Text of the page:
By Phyl Newbeck, Contributor
Jen Novak first started thinking about opening a home design and décor store last February, but when the pandemic hit, she put her plans on hold. With things looking up, Novak decided now was the time and opened the Gilded Elephant at Charlotte Crossing in mid-April. “When this space opened up and with people getting vaccinated, it seemed like a good time to go for it,” she said.
Novak has a master’s degree in marriage and family therapy, and she practiced in that field after graduate school. She later worked as an early childhood mental health consultant and then taught yoga for kids with special needs. As she and her husband were getting ready to move from Massachusetts to Vermont four years ago, she decided to take her passion for interior design and turn it into a new career.
The Gilded Elephant is a small space—just 250 square feet—but people have already been coming in. “I’ve had supportive friends who came in and bought things,” Novak said “but people have also been trickling in from the Red Onion.” Others have come to the store looking for her interior design services.
Because Novak is a one-woman show and has two sons, aged 10 and 12, her hours are currently limited to Tuesday, Thursday and Friday from 10:00 a.m. to 2:00 p.m., some Saturdays, and by appointment. “I’d love to expand and continue to grow my client base and need a bigger space,” Novak said, “but for now I’m content to do it on my own and see where it takes me.”
Since the store is small, Novak has spent a lot of time thinking about her inventory. “It’s important that someone can come in and appreciate the look and feel of the store,” she said. “They can purchase anything from a ten-dollar candle to a side table worth a few hundred dollars. I worked hard to have a range of items so everyone will think there is something for them.” Novak carries small pieces like candles, vases, picture frames, pillows, blankets, and bar and cocktail items, but she also features larger pieces that are either custom or customizable. “I have some nice trays from companies that can make them in different color finishes, patterns and textures,” she said. “Clients can buy what’s on the shelf or I can work with them to tailor an item to their needs.”
One of Novak’s specialties is revitalizing vintage furniture. “I’ve done it for myself,” she said, “as well as for friends and clients. If someone has a beloved piece that’s in good shape, I can breathe new life into it.” Novak noted that this can include new paint, upholstery or hardware. “It’s a really fun way to add something unique to your house,” she said. “Sometimes it’s a piece with sentimental value that you’re able to save. It’s something nobody else will have.”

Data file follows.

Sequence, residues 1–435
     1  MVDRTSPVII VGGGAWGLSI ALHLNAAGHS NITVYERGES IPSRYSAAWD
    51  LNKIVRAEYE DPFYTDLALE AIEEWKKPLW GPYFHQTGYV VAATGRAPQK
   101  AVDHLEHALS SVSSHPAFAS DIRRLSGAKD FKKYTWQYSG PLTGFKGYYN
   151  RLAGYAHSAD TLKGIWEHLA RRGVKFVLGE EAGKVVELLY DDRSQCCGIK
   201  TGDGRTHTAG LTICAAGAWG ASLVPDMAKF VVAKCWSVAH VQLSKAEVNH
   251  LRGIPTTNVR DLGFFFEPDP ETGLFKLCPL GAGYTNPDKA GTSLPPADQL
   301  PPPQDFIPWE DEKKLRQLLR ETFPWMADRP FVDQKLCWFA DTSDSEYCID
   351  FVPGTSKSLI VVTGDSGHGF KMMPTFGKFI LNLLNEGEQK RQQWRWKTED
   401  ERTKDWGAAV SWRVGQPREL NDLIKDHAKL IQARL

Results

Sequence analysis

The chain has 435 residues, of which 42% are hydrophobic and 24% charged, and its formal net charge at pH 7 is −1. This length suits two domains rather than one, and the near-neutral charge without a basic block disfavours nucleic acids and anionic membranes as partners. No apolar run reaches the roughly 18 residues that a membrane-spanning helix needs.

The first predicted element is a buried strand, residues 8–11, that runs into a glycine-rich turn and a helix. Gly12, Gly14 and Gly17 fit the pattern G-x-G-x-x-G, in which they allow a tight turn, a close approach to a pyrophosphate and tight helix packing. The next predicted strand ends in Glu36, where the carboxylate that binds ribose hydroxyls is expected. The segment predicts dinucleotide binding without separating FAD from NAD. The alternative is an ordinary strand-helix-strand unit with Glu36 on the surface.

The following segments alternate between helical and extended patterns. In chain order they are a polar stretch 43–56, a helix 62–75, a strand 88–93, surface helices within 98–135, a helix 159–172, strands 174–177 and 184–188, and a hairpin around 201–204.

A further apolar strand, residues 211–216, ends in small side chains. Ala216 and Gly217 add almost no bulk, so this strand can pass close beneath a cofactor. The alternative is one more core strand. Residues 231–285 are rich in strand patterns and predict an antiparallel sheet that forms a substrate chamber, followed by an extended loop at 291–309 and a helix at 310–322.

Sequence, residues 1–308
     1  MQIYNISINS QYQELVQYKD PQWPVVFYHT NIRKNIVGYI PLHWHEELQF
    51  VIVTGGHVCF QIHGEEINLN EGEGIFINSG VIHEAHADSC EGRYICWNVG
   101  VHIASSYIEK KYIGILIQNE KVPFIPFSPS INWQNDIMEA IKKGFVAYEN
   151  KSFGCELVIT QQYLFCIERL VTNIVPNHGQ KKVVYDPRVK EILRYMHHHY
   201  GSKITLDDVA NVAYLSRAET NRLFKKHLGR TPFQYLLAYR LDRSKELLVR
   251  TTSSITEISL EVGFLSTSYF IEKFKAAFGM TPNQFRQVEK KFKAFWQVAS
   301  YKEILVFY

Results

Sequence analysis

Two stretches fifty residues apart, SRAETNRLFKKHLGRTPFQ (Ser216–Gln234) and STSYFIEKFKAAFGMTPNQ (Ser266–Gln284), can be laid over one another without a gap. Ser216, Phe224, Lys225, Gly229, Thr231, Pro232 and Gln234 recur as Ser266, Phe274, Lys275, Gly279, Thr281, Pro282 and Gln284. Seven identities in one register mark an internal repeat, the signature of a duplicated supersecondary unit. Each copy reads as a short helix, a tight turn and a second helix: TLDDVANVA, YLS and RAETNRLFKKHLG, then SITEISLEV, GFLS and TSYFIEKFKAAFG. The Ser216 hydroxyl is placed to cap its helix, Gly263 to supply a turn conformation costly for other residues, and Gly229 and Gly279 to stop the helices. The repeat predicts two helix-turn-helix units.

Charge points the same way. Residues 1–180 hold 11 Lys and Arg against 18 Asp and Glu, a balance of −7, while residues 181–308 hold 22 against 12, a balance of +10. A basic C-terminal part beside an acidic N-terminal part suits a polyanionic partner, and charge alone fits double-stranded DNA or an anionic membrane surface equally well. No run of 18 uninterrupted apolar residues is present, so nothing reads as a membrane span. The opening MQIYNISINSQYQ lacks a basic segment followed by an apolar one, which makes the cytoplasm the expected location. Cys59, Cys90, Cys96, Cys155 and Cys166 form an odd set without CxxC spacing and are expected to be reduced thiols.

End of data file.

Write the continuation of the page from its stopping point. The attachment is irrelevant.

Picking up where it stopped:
So far, Novak has only done residential design work, but she is not opposed to having commercial clients. In a non-pandemic world, she visits with people in their homes, but Covid placed some restrictions on her work. “Typically I go to a client’s house, take measurements and see their style,” she said. “They can also come into my studio when it’s time to look at things like wallpaper and fabric.”
“One of the reasons I wanted to open the shop,” Novak said, “is I wanted to give my design clients the full picture. I’ve found that the finishing touches, accents and details are just as important in making a home feel warm and welcoming, so I wanted to be able to provide a place where people can find unique, curated pieces to add to their homes.” Novak wants to give people access to a full range of services. “I want people to feel welcome,” she said. “People can feel intimidated by interior design and I want to break down that barrier.”
Novak has always felt that it’s important to be invested in her community. “I’ve been volunteering with Meals on Wheels,” she said, “and I’m currently the presidentPhyl Newbeck, Contributor of my PTO board. It’s really important for me to connect with community members and feel that I’m contributing in a positive way.” Novak loves the work she does, but she also believes it is another way to help her community. “I want people to have a place to go for décor,” she said. “I felt that this was another way I could contribute to my community.”